Special event celebrates conservation pioneer who is hero in Argentina

16 Oct 2023

The University of Winchester will be hosting a special event this autumn to celebrate the work of one of Britain’s greatest early environmentalists and his links with South America.

Dr Graciela Iglesias-Rogers, Senior Lecturer in Modern European and Global Hispanic History, describes nature writer W.H. Hudson as ‘the Chris Packham of the 19th century’.

Born on a ranch near a tributary of the River Plate in Argentina to American parents, William Henry Hudson came to Britain aged 33 to pursue a career as a naturalist and author and struggled for many years until he turned to writing about his native Argentina.

Hudson then penned a series of successful books about British wildlife and countryside including Hampshire Days (1903) and A Shepherd’s Life (1910). He used his newfound fame to campaign for the protection of nature, particularly birds – many of which were being slaughtered to adorn women’s hats.

WH Hudson

“Hudson was one of the first to write about British birds being at risk of extinction and to lobby for their protection,” said Dr Iglesias-Rogers. “He was really ahead of his time.”

Dr Iglesias-Rogers argues that Hampshire Days is not a bucolic account of a by-gone era, but an early rallying-call to defend biodiversity and rural heritage shaped by Hudson’s experiences in the Hispanic world.

When he died Hudson left his entire estate to the Royal Society for the Protection of Birds (RSPB) which he had helped found. In Argentina, his birthplace was made into a museum and ecological park named after him. In 2021, to mark the centenary of his birth, the Argentine Congress declared his birthday, 4 August, Argentina’s National Day of the Naturalist.

In the event, entitled ‘Hampshire Days (1903): wildlife & rural activism from the Hispanic-Anglosphere’, Dr Iglesias-Rogers will be joined by Conor Mark Jameson, a veteran of the RSPB and author of the recently published book Finding W. H. Hudson: The Writer Who Came to Britain to Save the Birds (London: Pelagic Publishing, 2023).

It will take place on 8 November at St Alphege Building 202 in the University’s King Alfred quarter from 4.30pm to 6pm and online. You can book here.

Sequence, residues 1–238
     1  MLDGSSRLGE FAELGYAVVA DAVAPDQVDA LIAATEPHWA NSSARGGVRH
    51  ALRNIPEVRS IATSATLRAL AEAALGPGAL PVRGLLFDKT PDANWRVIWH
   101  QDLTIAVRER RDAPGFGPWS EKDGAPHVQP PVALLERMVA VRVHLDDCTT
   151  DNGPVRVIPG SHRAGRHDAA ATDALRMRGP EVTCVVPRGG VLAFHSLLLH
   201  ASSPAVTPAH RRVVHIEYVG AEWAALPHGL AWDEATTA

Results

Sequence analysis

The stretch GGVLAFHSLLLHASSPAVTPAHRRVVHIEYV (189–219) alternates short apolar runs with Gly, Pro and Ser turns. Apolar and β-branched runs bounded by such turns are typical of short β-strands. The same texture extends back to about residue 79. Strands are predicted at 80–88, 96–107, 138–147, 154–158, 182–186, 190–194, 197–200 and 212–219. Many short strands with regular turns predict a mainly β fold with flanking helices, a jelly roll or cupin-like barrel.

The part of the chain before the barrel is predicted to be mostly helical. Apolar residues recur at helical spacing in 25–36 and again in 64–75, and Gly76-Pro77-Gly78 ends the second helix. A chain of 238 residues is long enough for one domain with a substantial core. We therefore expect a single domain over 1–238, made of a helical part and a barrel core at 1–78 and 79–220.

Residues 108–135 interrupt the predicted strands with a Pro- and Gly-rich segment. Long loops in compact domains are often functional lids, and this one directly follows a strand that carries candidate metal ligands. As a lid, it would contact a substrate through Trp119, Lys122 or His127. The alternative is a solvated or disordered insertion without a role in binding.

The event has been organised by the Modern History Research Centre  and the Hispanic-Anglosphere network – an international research project co-funded by the University of Winchester which runs in partnership with the National Trust-Tyntesfield and the Centre of American Studies of the Universidad Adolfo Ibáñez in Chile.

The network was set up five years ago with funding from the AHRC (Arts and Humanities Research Council) and it continues to add to the store of knowledge about the people who helped forge links between the British Isles and the Hispanic world from the late 18th century to the eve of the Great War.

The period covered by the project coincides with the dislocation of the Hispanic world as Spanish dominions in the Americas sought independence and UK merchants, scientists, writers and artists began to establish long-term partnerships with these new nations outside the British Empire. The 19th century also saw many thousands migrate from the British Isles to South America, particularly to Argentina.

Sections of the network’s latest publication  - The Hispanic-Anglosphere from the Eighteenth to the Twentieth Century - An Introduction (New York and London: Routledge, 2021)  - are now available to all on the publisher’s website and on the project’s online platform.

Among the new material available to view are 25 key biographies bringing the number of life-stories listed on the site to more than 100.

King of Quinine

Among those listed is William Gibbs who bought the Tyntesfield estate  near Bristol and created the neo-Gothic mansion (pictured) that can be seen today. This wealthy ‘British’ gentleman was actually Guillermo Gibbs, born in Madrid to a family of debt-ridden wool merchants who’d moved to Spain from Devon.

Gibbs made his fortune from quinine imported from the Andean region in the Americas and his profits were boosted by pandemics of malaria and yellow fever. Later he secured a monopoly in the import of Peruvian guano (bird manure), the fertilizer that revolutionized agriculture in the industrial age.

“For long, the little that it was known about William Gibbs was banalized, just reduced to say that he was commoner who had his fortune ‘from selling birds from foreign birds.’ Our research demonstrated that this was inaccurate by revealing a far more interesting story involving love, social prejudices and pandemics set against a backdrop of wars and economic scarcity with echoes in the present day”, said Dr Iglesias-Rogers. The whole story is freely available here.

Spanish Steel

Another figure whose story is told on the website is Robert Steel, known in Spain as Roberto Steile. He was born in Winchester in 1788. A regular in the Royal Marines, he volunteered for the Spanish Army in 1812 and fought bravely in the Peninsular War. In return he was rewarded with the Order de Carlos III (1819) from Spain and a knighthood in Britain (1817).

Steel remained committed to Spain after the war and was a member of the London committee of support to Spanish Liberals in the First Carlist war (1835). His commitment to the cause led to him being jailed twice - for debt in 1817 and for libel in 1828. Despite his prison record he was appointed Deputy Lieutenant of Dorset from 1838 until his death in 1840.

Find out more at  http://hispanic-anglosphere.com where there is an online exhibition “Exploring the Hispanic-Anglosphere” and a free downloadable Hispanic Itinerary for visitors of NT Tyntesfield. 

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